Mon Aug 09 05:40pm EDT
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Entering 2009, Eli Manning(notes) was a fantasy enigma. Though ocassional glimpses of dependability surfaced, mental lapses and the Giants’ pound-opponents-into-oblivion philosophy often times restricted his value.
However, in an otherwise forgettable season for the G-Men, the once painfully mediocre quarterback finally transformed into a rock of stability. Back-foot throws rarely occurred. “Golly gee wilikers!” expressions were few and far between. Numbers poured in. Over 16 starts, he established new career benchmarks in yards (4,021), touchdowns (27) and completion percentage (62.3). His 19.7 points per game output finished No. 12 at his position, tied with Kurt Warner(notes).
Owners convinced the former Super Bowl MVP is a trustworthy QB1 this year, however, better hope the injury imp is again well fed.
Decimated by numerous physical ailments, the Giants defense was incredibly gracious in ’09. Its demise combined with an underachieving ground game launched Manning into previously uncharted territory.
Naturally, the long offseason has allowed bodies to heal. Key components of the offense and defense look healthy and confident. Even a trimmed down Brandon Jacobs(notes), more Fievel than Frankenstein a year ago, has looked faster and shiftier. Weight loss and flexibility training during the offseason has helped the bruising rusher regain speed and swagger lost. If Jacobs’ vitality is truly renewed, he and Ahmad Bradshaw(notes), whose role within the offense might significantly expand, could again form a lethal tandem – a possible downside for Eli. From Adam Schefter:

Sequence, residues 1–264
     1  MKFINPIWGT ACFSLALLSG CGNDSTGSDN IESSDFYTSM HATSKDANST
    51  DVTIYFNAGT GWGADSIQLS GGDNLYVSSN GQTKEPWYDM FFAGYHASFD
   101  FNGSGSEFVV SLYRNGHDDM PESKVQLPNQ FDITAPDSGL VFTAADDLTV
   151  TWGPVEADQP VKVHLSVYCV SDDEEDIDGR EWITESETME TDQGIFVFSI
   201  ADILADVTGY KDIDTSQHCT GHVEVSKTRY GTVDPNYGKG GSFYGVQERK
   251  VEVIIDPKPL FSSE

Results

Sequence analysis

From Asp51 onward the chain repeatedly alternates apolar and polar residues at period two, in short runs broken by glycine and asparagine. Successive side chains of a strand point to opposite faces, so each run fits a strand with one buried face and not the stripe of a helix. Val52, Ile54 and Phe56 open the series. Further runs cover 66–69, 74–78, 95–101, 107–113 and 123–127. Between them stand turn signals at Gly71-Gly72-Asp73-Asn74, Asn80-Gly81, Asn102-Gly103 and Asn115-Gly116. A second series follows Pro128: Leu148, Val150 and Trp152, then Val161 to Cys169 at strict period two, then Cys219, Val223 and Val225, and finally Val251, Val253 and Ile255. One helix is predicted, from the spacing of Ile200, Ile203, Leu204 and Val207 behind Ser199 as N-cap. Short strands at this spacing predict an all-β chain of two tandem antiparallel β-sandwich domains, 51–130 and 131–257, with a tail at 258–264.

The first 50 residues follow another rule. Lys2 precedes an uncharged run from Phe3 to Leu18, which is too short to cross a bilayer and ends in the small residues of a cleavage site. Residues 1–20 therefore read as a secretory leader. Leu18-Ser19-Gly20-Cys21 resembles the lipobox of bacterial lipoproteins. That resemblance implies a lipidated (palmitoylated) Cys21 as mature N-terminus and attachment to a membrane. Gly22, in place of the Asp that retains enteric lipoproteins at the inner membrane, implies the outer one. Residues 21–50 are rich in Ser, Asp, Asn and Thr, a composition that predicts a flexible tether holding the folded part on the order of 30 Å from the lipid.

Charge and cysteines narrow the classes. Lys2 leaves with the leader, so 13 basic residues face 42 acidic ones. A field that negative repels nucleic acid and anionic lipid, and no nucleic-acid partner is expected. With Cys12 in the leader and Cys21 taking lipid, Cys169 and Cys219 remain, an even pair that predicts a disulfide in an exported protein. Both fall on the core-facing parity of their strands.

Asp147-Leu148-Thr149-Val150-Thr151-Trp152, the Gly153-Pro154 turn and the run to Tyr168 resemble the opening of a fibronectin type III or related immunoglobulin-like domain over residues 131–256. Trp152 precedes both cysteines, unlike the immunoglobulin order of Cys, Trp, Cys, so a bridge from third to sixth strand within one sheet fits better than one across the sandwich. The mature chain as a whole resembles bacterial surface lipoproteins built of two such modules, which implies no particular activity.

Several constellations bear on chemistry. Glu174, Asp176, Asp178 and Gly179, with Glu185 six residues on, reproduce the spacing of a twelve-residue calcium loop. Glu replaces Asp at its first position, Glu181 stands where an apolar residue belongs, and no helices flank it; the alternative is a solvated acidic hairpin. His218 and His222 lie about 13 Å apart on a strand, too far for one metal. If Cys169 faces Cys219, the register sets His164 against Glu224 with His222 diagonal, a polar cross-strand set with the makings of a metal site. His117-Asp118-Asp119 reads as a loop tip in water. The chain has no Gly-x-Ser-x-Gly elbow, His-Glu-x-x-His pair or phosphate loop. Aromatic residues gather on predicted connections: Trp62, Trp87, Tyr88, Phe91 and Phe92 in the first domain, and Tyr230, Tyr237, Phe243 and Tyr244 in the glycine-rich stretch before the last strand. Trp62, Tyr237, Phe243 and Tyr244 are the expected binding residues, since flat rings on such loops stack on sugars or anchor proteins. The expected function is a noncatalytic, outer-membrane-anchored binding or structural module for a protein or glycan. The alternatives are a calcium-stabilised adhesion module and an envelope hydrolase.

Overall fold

Last season, Manning threw because the Giants struggled to run. He threw because he had to -- after winning their first five games, the Giants lost eight of their last 11, often playing from behind. Now, even though he is poised to play better than he ever has, Manning's numbers might not reflect it for a simple reason.
"Coaches said we're going to get back to running the ball this year, and the backs are really excited about it," Giants running back Ahmad Bradshaw said. "The running game will be good."
On paper, Manning’s production should continue on its northward path. New York’s battery of receivers is dynamic. Possession target Steve Smith is coming off a spectacular 107-catch campaign. Buzzy Hakeem Nicks(notes), the Giants’ first-round pick from a season ago, appears poised to take a major step forward. Mario Manningham(notes) is expected to build on last year’s breakthrough effort. And second-year product Ramses Barden(notes), who's had a standout camp, could pay dividends in the red zone. Unquestionably, Eli has plenty of suitable weapons.
But Tom Coughlin’s desire to be more conservative inhibits the veteran’s scoring potential. Ultimately, if all working parts are functioning properly, offensive balance will be emphasized. In the end, an Eli regression back to 2008 – a season in which he finished No. 19 among QBs – is very possible. Drafted on average around pick No. 94 (QB12), he is a suspect QB1 in 12-teamers and yet another reason why the position is loaded with questions after Tom Brady(notes). Rolling the dice with Matthew Stafford(notes), Chad Henne(notes) or Alex Smith much later is a wiser gamble.
Despite his upward trend, the younger Manning could have his owners singing the blues.
Fearless Forecast (16 games): 61.7 cmp%, 213.9 ypg, 22 touchdowns, 11 interceptions, 43 rushing yards
Image courtesy of US Presswire